Accessibility, affordability and equity: Assessing ‘pro-poor’ public transport subsidies in Bogotá

Document Type

Journal Article

Publication Date


Subject Area

place - south america, place - urban, economics - subsidy, policy - equity, policy - social exclusion


Public transport, Transport subsidies, Job-accessibility, Equity, Palma ratio, Gini index, Bogotá


Public transport has claimed a preferential position in recent urban development agendas internationally. Rising interest on inclusive development of cities at different levels of urban policy involves new opportunities and challenges for increasingly urban societies. In cities of the Global South, in addition to institutional and physical challenges for the development of efficient and inclusive public transport, local governments face the challenge of making public transport affordable for a large share of the population in conditions of poverty. In order to meet these challenges, several public transport systems throughout have implemented targeted subsidies for specific social groups such as students, the elderly and people with reduced mobility, and more recently for the poor. The government of Bogotá has implemented a pro-poor public transport subsidy scheme that aims at alleviating the financial burden of poor households for accessing the city's public transport system. This research develops an analysis of the effects of such subsidy from an accessibility perspective using potential accessibility measures to employment opportunities and assess its impact on equity. The research builds on the hypothesis that accessibility is a multi-dimensional construct that can benefit from the decrease in economic as much as gains in time costs. Results from the analysis show that both the current structure of the pro-poor subsidies in Bogotá and alternative scenarios for increasing its coverage are progressive, improving accessibility and equity for those with access to the subsidy. The paper provides valuable insights for the analysis of similar policies in other urban contexts in the Global South.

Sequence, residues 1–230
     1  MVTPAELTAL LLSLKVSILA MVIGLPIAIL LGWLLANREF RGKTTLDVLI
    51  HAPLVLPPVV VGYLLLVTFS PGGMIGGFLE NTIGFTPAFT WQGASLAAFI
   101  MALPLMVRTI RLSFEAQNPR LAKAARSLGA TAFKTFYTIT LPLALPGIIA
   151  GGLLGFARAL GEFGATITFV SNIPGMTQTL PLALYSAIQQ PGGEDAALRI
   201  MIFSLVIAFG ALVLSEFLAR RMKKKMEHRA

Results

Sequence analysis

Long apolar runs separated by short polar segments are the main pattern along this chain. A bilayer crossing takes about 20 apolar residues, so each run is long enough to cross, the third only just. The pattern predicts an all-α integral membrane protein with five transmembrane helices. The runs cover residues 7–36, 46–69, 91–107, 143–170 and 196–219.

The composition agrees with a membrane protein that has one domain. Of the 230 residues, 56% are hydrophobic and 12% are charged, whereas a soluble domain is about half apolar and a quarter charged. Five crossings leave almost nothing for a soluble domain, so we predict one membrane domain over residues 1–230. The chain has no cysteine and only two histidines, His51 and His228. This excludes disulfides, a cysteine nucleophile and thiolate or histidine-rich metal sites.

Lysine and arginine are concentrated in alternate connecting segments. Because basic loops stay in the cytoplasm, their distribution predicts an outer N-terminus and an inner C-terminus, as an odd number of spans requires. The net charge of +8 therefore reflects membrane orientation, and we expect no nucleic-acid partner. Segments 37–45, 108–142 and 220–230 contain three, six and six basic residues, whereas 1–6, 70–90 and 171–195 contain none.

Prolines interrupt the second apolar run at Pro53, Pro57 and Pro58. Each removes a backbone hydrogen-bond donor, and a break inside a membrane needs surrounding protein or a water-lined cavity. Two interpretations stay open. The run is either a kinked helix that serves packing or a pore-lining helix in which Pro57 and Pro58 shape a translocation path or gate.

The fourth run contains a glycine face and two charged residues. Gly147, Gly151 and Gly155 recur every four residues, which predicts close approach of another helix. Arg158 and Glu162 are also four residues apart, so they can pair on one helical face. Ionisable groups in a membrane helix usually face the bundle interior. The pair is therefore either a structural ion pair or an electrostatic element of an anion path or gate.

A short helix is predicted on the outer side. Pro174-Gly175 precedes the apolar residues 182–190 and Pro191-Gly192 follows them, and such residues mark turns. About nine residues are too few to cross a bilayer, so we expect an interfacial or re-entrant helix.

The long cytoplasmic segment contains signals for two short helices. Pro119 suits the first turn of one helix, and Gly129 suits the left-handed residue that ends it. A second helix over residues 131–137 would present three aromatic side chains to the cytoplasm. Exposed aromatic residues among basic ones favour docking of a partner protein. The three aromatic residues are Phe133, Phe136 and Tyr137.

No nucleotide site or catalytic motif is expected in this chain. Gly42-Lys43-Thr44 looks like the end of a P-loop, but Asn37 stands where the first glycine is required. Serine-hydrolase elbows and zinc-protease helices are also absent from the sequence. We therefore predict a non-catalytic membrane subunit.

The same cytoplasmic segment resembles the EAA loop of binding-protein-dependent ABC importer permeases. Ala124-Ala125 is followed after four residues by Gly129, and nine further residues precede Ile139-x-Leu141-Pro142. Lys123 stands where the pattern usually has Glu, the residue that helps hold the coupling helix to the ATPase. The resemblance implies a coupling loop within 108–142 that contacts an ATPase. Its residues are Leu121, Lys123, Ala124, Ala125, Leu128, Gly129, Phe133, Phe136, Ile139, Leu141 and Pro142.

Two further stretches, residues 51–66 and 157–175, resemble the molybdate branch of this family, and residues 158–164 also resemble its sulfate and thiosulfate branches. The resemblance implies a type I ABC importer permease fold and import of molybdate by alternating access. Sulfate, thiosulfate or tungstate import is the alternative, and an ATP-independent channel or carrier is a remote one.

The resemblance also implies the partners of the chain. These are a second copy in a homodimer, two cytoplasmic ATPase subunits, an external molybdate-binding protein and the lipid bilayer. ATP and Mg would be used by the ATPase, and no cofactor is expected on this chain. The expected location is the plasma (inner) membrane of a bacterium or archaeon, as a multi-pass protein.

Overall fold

Permission to publish the abstract has been given by Elsevier, copyright remains with them.


Transport Policy Home Page: